In 2003, the Reference CW2113 was launched, which used the current Tag Heuer logo instead of the old version that featured on the CS2110 and CS2111. It was also the first Monaco to have a true square case that measured 38mm x 38mm. A year later, the Monaco V4 concept watch was introduced at the Baselworld festival. The world’s first watch with belt drives, linear mass and ball bearings replacing the more traditional wheels and pinions, this prototype created a huge buzz in the industry and was finally launched in 2009 as a limited-edition run of 150 pieces.
Also introduced in 2009 was the Monaco Calibre 12, which was easily recognisable thanks to its winding crown being positioned on the right and a dial with radial indices. It was available in three main colour combinations, blue with white counters, black with white counters and black with black counters. Fast forward to 2015 and the Monaco Calibre 11 was released, a faithful remake of the Reference 1133. The only differences were the movement itself, the shapes of the lugs and the shapes of the push-pieces.
To commemorate the Monaco’s 50th anniversary, Tag Heuer presented the Monaco Heuer 02, the first timepiece of the collection to feature the manufacturer’s in-house movement. Because of the watch’s unique design, its interior casing had to be re-engineered to house this mechanism. Together with the Monaco Heuer 02, another version of the Monaco with the old Calibre 12 movement was released in a limited-edition run of just 1,000.
Today, Tag Heuer Monaco watches are one of the main pillars of the brand. Thanks to its bold design choices and remarkable history, it will forever be regarded as one of the watchmaking world’s greatest achievements.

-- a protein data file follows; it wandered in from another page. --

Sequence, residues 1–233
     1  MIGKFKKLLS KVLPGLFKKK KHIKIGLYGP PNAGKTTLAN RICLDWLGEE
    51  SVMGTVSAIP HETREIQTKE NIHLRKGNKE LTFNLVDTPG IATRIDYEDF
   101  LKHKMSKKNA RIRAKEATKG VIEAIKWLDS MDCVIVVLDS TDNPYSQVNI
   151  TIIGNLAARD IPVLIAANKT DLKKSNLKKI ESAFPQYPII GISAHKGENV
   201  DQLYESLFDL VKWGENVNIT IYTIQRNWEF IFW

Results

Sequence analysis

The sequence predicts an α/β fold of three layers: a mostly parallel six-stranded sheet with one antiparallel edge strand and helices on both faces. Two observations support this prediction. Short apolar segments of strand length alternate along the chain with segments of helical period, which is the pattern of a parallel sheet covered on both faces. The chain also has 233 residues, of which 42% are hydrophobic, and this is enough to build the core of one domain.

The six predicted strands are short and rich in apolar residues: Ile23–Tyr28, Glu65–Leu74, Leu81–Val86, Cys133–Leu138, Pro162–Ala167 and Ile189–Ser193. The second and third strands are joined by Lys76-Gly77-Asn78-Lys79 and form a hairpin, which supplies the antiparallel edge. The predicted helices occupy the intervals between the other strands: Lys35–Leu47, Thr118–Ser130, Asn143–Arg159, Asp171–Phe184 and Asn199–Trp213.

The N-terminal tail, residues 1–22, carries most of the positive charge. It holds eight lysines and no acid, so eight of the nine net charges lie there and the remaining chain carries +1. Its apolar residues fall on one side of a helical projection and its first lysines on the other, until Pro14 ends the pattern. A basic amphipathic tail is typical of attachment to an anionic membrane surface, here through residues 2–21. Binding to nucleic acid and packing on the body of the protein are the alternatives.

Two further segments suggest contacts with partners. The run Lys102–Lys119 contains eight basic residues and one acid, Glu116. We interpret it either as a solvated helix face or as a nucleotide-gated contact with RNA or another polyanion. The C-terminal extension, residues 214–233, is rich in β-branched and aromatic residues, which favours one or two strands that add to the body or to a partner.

A Legend of the Silver Screen
Perhaps the most famous appearance of the Tag Heuer Monaco is on the wrist of legendary actor Steve McQueen in the motorsports movie “LeMans”. This immediately catapulted the wristwatch to iconic status, making it synonymous with self-assurance, rebellion and effortless cool. The story goes that Tag Heuer watches were shown to the film’s directors and stars, with McQueen personally deciding to sport the Monaco on his wrist. Not only was the timepiece clearly visible on screen, but also featured heavily on promotional billboards.
It is not just in “LeMans” where Tag Heuer Monaco watches feature heavily. Bill Paxton sported the watch on the 2004 film “Thunderbirds”, while the chronograph model was worn by Al Pacino in the mystery film “88 Minutes”. The Monaco can also be seen on the wrists of Will Smith, Brad Pitt and Matthew McConaughey, in addition to appearing in the TV series “Breaking Bad”.
Away from the big and small screens, Tag Heuer Monaco watches are loved by sports stars such as Maria Sharapova and Graham Rahal, and have even travelled to Vietnam on the wrist of Sammy Davis Junior when he visited troops stationed over there. A true global icon, the collection has truly cemented its place in watchmaking history.
Icon of the Luxury Watch Industry
Tag Heuer Monaco watches are no strangers to turning heads. Upon its launch, it became one of the world’s first automatic chronographs, and the very first water-resistant chronograph with a square casing. Ever since then, the collection has gone from strength to strength, amassing a huge and dedicated fanbase from across the globe.
Renowned for their boldness and precision, Tag Heuer Monaco watches are available in a multitude of colours and styles — meaning you are sure to find the ideal model for you whatever your taste may be.